Posted on: 27 July 2016
In most cases, hiring a lawyer is the best way to resolve a legal dispute. However, once the lawyer starts working on your case, it's possible that you might be concerned with some of its (the case's) aspects or progress. For example, you may think that the case is moving slowly, you are losing the case, or the costs are escalating. Whether or not these are mere perceptions or realities, it's important to get to the route of the problem. Here are a few steps to take to help you do just that:
Voice Your Concerns
In most of these cases, voicing your concern to the lawyer will yield a satisfactory explanation. You can write a letter, call, write an email or make a physical visit to your lawyer; it all depends on the mode of communication you had agreed upon. For example, if a personal injury litigation case seems to be taking longer than anticipated, it might be that the opposing party has filed numerous pretrial motions that are delaying the case. Ideally, the lawyer should explain the cause of the problem plus the strategies they are using to solve it.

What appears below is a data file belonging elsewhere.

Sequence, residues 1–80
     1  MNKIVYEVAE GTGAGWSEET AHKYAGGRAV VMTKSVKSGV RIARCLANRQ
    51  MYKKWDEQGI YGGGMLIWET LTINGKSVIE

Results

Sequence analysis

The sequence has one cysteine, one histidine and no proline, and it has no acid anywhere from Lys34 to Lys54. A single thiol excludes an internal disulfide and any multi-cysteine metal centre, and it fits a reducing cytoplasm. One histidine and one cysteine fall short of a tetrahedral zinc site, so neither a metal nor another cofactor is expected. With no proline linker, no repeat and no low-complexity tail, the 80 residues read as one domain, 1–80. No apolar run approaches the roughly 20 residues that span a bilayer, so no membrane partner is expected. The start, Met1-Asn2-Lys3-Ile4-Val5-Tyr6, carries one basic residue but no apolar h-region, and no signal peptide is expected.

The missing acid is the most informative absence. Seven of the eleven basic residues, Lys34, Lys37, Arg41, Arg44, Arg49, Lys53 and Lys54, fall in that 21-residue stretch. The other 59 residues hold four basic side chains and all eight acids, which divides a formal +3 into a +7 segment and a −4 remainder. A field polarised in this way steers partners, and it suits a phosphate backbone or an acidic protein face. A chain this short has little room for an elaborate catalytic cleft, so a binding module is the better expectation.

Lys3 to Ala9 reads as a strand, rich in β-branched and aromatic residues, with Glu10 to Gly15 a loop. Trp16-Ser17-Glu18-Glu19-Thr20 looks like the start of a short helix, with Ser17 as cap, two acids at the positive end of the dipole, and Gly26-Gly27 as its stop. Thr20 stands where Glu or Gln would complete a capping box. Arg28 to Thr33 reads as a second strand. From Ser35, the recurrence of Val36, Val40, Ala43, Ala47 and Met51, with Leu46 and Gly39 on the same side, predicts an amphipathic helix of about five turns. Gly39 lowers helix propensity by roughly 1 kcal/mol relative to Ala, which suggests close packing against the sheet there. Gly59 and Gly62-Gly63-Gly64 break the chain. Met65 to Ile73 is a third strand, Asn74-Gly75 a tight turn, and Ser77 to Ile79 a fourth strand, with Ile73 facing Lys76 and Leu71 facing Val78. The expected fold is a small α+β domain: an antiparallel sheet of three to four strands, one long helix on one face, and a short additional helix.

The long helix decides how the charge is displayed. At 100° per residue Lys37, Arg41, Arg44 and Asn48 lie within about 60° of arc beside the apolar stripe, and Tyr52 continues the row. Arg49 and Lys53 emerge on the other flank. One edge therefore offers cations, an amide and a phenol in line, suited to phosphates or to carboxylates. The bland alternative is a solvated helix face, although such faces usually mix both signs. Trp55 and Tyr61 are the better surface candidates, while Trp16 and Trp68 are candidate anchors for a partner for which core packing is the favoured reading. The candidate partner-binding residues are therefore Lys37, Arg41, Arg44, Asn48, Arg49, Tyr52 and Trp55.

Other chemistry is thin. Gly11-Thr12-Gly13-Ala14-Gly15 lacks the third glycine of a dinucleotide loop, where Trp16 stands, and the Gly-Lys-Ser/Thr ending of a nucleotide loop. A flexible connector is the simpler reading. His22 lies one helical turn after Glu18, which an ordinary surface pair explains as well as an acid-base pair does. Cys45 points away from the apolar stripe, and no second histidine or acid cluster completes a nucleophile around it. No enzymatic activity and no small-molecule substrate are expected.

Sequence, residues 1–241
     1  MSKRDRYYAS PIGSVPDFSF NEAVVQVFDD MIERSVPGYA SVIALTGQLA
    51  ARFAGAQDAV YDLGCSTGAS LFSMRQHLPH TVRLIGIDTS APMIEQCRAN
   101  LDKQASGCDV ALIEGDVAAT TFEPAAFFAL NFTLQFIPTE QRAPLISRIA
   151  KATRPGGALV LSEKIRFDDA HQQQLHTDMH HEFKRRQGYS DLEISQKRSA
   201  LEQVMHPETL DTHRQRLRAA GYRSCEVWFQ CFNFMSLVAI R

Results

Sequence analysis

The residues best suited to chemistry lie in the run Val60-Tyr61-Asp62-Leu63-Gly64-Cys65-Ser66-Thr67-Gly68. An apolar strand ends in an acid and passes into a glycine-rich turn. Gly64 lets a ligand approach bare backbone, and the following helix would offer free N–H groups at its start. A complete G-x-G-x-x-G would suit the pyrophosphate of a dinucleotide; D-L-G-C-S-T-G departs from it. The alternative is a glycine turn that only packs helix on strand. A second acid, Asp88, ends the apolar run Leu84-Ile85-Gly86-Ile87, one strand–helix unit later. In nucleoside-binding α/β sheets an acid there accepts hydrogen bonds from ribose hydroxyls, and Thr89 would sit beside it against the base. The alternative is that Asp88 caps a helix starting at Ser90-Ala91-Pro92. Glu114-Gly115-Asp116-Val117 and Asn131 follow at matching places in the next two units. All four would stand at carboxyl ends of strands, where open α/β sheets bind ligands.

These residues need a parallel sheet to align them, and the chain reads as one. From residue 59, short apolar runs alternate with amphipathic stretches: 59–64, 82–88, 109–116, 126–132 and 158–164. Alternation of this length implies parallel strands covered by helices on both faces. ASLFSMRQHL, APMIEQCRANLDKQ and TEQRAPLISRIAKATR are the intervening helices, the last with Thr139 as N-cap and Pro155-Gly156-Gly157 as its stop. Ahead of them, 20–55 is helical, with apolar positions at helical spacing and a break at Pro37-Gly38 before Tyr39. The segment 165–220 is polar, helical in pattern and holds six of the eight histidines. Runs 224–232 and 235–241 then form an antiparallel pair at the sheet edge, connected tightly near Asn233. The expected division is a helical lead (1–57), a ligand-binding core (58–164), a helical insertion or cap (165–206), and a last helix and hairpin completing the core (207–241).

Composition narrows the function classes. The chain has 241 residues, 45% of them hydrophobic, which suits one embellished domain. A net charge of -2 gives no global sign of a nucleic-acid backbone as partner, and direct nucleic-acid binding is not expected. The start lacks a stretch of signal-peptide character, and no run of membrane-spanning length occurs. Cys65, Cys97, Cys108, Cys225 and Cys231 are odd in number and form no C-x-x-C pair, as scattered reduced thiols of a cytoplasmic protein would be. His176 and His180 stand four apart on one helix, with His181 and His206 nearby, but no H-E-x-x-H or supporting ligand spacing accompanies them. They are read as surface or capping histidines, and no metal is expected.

In as much as your lawyer will be doing most of the legal work on your behalf, it also helps to educate yourself about your case. That might help you, say, avoid getting concerned over something neither you nor your lawyer has control over. For example, if your lawyer is handling your divorce, and the child lives with the other parent in a different state, you may be disappointed in your lawyer for not getting the court to issue a judgment on custody too. Yet, that may be the case if your state's laws state that the state where the child has been living in the recent past has jurisdiction over their custody; California is an example of a state with such a law.
Most probably, your lawyer will explain this to you. You can also head down to your local library or browse online resources on the laws you are interested in.
Scrutinize Your File
Another option is to request your lawyer give you your case file so that you can scrutinize the progress of your case. The case file contains all the documents and evidence relating to your case. This includes court filings, discovery details, and correspondences relating to your case, among other things. Reading the case file will give you an insightful overview of your case plus all the work your lawyer has done.
To learn more, visit a website like http://www.vanblk.com.Share